As shown in FIGS. 1 and 2, boreholes 16 (only two being shown in FIGS. 1 and 2) are drilled at regular intervals along the vein 10, each borehole extending vertically though the vein 10 from the top drift 12 to the bottom drift 14. The diameter of these holes is typically in the range of 6 inches (15.2 cm). The diameter of the holes 16 is not critical but is preferably kept as small as possible to minimize drilling costs and time. The diameter must however be sufficient to permit hole enlargement by thermal fragmentation. Each borehole 16 can be drilled haft way through from the top drift 12 and the bottom drift 14 in order to limit hole deviation. It is however understood that the holes 16 can be completely drilled from the top drift 12 to the bottom drift 14. As will be seen hereinafter, the spacing between adjacent boreholes 16 is selected such as to provide sufficiently closed expansion rooms or blast containing rooms such that the mass of ore between adjacent holes can be broken by a blast with minimum ore dilution in the surrounding waste. The boreholes 16 are used to contain as much as possible the blast within the boundaries of the vein 10, thereby minimizing dilution. Satisfactory results have been obtained with a 6 m (19.68 ft) center to center distance between two consecutive boreholes.
The drilled boreholes 16 are individually thermally enlarged as per the way described in U.S. Pat. No. 6,913,320 issued on Jul. 5, 2005, the content of which is herein incorporated by reference. More specifically, each borehole 16 is enlarged by lowering a burner B (FIG. 1) into the borehole, by igniting it and then gradually raising it until the borehole is completely enlarged from a bottom end to a top end thereof. A plug P is installed in the bottom of the boreholes 16 to seal the same and provide for a build-up of temperature in the borehole. The heat generated by the burner B raises the temperature in the hole up to 1800° C. This creates thermal stresses that spall the ore. In simple terms, spalling is considered to be a form of decrepitation caused by an unequal expansion of mineral crystals which overcomes molecule cohesion. The broken or fragmented material produced during this process ranges in size from fine grain to 4 cm (1.6 inch). The plug is removed and the broken material is recuperated by any suitable methods. The boreholes 16 are typically enlarged up to the sidewall of the vein (i.e. the boundaries between the ore body and the surrounding waste) to provide thermally enlarged boreholes 17 as schematically shown in dotted lines FIG. 2. For illustrative purposes, the spacing between the boreholes 16 can be selected to leave about 1 m (3.28 feet) of ore between two adjacent enlarged boreholes 17 for a vein having a width ranging from about 13 inches (33 cm) to about 15 inches (38.1 cm). The spacing between adjacent holes is not only function of the width of the vein but also of the explosive that will be used to break the ore between the so enlarged weakening holes. As mentioned herein above satisfactory results have been obtained with a distance of 6 m (19.69 feet) between the centers of adjacent boreholes 16.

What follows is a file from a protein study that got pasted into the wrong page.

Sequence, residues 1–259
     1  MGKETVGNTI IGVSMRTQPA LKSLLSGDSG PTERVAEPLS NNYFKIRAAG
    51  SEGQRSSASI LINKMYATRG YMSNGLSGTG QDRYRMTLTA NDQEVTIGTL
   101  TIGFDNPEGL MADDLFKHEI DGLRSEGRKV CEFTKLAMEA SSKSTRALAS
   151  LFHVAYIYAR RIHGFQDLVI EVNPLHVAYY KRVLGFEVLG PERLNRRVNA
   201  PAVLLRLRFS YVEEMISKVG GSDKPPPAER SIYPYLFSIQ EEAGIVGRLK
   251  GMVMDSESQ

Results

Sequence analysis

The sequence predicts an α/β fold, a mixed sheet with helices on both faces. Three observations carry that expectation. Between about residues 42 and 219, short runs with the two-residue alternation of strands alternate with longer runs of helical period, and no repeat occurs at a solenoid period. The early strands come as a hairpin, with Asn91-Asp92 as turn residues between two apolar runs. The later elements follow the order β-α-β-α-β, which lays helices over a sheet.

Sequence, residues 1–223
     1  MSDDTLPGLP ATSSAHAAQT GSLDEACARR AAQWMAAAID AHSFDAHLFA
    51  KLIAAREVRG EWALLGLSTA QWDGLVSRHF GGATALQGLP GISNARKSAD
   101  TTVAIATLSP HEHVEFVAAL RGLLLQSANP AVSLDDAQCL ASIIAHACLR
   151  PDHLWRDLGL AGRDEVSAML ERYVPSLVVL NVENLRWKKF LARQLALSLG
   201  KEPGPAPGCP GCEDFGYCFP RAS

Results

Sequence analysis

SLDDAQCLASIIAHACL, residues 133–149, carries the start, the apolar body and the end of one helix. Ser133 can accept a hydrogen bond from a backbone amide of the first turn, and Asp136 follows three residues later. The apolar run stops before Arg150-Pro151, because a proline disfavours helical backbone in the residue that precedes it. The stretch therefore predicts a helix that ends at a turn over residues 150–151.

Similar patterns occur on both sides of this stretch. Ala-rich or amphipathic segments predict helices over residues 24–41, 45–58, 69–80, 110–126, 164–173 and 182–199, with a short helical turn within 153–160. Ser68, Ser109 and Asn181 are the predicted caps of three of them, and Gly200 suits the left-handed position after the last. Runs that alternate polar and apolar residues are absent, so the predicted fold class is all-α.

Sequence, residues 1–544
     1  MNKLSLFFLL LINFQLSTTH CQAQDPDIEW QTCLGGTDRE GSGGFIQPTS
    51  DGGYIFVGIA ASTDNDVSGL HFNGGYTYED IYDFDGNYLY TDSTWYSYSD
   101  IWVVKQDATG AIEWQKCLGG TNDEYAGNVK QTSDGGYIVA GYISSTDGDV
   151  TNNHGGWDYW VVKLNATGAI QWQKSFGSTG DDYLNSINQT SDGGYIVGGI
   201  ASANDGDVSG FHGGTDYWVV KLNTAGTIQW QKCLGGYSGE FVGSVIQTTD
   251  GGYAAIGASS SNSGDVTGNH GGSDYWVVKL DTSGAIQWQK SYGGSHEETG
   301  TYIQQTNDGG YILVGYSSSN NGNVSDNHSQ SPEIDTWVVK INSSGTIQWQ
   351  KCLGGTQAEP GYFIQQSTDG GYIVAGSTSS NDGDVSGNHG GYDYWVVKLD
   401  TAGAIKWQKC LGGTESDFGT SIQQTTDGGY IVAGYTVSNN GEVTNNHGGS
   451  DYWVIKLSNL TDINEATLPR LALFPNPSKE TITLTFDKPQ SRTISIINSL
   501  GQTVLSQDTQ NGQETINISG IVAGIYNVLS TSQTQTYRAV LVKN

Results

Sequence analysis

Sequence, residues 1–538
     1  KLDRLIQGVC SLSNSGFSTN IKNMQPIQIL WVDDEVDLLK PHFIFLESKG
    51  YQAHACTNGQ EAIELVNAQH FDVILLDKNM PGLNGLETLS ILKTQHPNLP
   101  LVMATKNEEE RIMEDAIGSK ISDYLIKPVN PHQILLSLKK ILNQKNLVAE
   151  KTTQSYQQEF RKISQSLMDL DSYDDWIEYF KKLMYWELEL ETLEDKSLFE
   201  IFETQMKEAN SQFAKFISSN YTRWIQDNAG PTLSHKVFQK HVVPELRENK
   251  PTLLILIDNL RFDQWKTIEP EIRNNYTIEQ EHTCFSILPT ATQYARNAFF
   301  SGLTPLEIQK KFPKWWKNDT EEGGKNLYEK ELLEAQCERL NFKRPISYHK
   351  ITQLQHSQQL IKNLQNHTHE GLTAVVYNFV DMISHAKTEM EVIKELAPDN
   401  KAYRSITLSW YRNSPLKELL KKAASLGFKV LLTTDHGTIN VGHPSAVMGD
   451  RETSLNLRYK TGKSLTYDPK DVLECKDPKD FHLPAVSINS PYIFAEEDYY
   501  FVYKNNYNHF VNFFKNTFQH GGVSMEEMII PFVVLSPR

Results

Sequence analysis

Once the first two drilled holes have been thermally enlarged and emptied as described hereinabove, at least one blasthole 18 is drilled through the vein 10 between two adjacent enlarged holes 17, as shown in FIGS. 1 and 2. If only one blasthole 18 is drilled it is generally located midway between the enlarged holes 17. Each blasthole 18 is generally spaced by 80 cm (31.5 inches) from the periphery of the adjacent enlarged hole 17. The blasthole 18 can be drilled haft way through from the upper drift 12, the other haft being drilled from the lower drift 14. Alternatively, the blasthole can be fully drilled from the upper drift 12. The diameter of the blasthole 18 is typically in the range of 2 1/2 inches (6.4 cm). It is understood that the blasthole diameter can vary depending on the type of explosive to be loaded therein.
The selected explosive charge is loaded into the blasthole 18 and is then fired to break the ore present between the two enlarged holes 17. As shown by arrows 20 in FIG. 2, the blast is substantially contained within the boundaries of the vein 10 between the enlarged holes 17. When an explosive charge explodes a powerful force is exerted in generally all directions but most movement occurs along the line of least resistance or least confinement. The enlarged boreholes 17 provide weakening regions of less resistance than that of the sidewall of the vein. The propagation or explosive force will thus be directed toward the enlarged holes 17 in the vein 10 and not into the surrounding waste which offers greater resistance, thereby minimizing dilution. By so providing boreholes in the vein on opposed sides of the blasthole 18, the blasting effect can be contained generally longitudinally along the vein. In other words, the enlarged boreholes 17 define the blasting propagation line.
Once a given section of the vein has been broken by a directional blast as described above, another borehole is drilled in the vein 10 at a selected distance from the initial blasted site. The drilled borehole is then enlarged by thermal fragmentation as described hereinabove and a second blasthole is drilled in the vein at an intermediate location between the exploded site and the newly enlarged bore hole. The blasthole is then filled with an explosive charge, which is then fired to break the ore between the first exploded site and the newly enlarged borehole. Again, the blast propagation take place where there is least resistance, in other words along the line between the first exploded site and the newly enlarged borehole. This process is repeated as required to recover the desired quantity of ore from the ore vein. It is also understood that all the boreholes and the blastholes can be drilled in a first time followed by the thermal fragmentation of the boreholes. The vein can then be blasted in sequence. Other drilling and blasting sequence are contemplated as well.
Patent applications by Donald Brisebois, Ile-Perrot CA
Patent applications in class Explosive
Patent applications in all subclasses Explosive